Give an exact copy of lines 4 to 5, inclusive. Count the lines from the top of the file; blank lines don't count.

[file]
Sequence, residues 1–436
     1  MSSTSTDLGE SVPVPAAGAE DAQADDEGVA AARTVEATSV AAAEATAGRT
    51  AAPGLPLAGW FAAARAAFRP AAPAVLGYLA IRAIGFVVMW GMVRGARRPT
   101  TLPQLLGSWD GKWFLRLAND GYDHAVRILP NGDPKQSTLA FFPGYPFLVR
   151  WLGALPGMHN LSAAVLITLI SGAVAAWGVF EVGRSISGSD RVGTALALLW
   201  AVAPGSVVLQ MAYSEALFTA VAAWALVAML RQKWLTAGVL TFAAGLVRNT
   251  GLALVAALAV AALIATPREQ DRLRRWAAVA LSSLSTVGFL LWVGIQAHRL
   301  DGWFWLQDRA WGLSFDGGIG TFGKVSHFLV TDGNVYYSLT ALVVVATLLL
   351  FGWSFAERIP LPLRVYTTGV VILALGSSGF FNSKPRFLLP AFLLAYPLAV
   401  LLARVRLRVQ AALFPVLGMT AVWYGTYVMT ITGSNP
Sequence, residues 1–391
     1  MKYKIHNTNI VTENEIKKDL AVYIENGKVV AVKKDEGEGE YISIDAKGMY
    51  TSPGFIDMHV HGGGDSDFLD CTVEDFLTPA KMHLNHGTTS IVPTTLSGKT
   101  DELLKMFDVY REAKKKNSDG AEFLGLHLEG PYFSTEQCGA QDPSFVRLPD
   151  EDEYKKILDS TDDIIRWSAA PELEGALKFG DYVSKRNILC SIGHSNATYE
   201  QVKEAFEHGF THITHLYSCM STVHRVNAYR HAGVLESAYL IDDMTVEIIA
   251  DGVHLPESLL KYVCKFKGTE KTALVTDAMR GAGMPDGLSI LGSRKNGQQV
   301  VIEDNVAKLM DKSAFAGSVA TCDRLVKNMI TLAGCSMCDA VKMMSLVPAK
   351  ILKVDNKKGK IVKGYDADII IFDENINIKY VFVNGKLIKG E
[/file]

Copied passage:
   101  TLPQLLGSWD GKWFLRLAND GYDHAVRILP NGDPKQSTLA FFPGYPFLVR
   151  WLGALPGMHN LSAAVLITLI SGAVAAWGVF EVGRSISGSD RVGTALALLW